idle) column to the far right, we can tell this machine is CPU-bound. The run queue average spikes
upward suddenly, while idle percentage drops to zero.
While a casual observer might conclude the worst bottleneck on this system is CPU and not memory,
the reason CPU waits are high is because of memory exhaustion. As discussed earlier, under duress, a
system’s swapper kernel process will dominate process execution time until enough memory is free
for current memory demand. All other processes must wait in a run queue until the swapper’s task is
Note the “swpd” and “free” memory columns, representing total system swapped and free memory
respectively. The free memory drops rapidly until a critical threshold is reached, at which time the
swapping activity begins. The “so” column indicates memory pages swapping out to disk, while “si”
indicates memory being swapped back in. As one might expect, after swapping out much memory,
the “free” value jumps significantly. However, this is not always apparent as other processes may be
consuming that memory as soon as it becomes free.
The “si” activity burst following the “so” swapping-out activity is the result of some processes whose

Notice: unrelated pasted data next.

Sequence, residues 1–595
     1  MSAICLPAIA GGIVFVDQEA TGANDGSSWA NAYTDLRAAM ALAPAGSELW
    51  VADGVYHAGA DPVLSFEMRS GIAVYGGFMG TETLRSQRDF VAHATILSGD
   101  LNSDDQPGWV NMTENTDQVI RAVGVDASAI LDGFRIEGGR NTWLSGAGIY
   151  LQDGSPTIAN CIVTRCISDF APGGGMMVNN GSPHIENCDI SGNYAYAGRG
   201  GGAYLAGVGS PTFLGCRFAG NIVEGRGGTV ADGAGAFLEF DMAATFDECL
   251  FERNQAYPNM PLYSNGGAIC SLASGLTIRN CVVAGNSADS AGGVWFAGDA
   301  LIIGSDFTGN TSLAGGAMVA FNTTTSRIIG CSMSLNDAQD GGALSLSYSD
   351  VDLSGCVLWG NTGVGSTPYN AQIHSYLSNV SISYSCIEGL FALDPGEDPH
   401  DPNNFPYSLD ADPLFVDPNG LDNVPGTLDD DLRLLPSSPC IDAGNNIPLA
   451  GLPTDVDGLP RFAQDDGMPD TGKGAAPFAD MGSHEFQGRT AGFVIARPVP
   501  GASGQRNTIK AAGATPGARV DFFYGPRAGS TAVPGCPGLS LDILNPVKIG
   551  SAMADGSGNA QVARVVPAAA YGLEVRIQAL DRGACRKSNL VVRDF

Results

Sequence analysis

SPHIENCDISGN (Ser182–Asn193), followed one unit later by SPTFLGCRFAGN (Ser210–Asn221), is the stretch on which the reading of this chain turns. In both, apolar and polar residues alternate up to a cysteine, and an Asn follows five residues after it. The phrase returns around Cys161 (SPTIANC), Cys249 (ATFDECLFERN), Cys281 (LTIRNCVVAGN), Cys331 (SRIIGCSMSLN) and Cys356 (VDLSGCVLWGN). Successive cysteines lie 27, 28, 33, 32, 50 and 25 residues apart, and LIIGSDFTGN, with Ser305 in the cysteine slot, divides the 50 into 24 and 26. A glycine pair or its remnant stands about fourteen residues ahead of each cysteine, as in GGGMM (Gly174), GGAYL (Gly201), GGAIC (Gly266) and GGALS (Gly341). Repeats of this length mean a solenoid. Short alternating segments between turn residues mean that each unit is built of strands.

memory was previously swapped out, now being swapped back in. Those processes are using some
of the memory freed up by the swap-out operation.
As for the CPU run queue and percent idle values, note the run queue size drops to zero and the
percent idle increases quickly to 100 percent idle as the swapping increases the amount of free
memory and the memory-starvation crisis is resolved. The swapper daemon no longer dominates
CPU and other processes can get sufficient execution time for the run queue length to become zero.
The amount of memory swapped to disk will remain high until the swapped out processes need to
run again, and access memory pages that were previously swapped.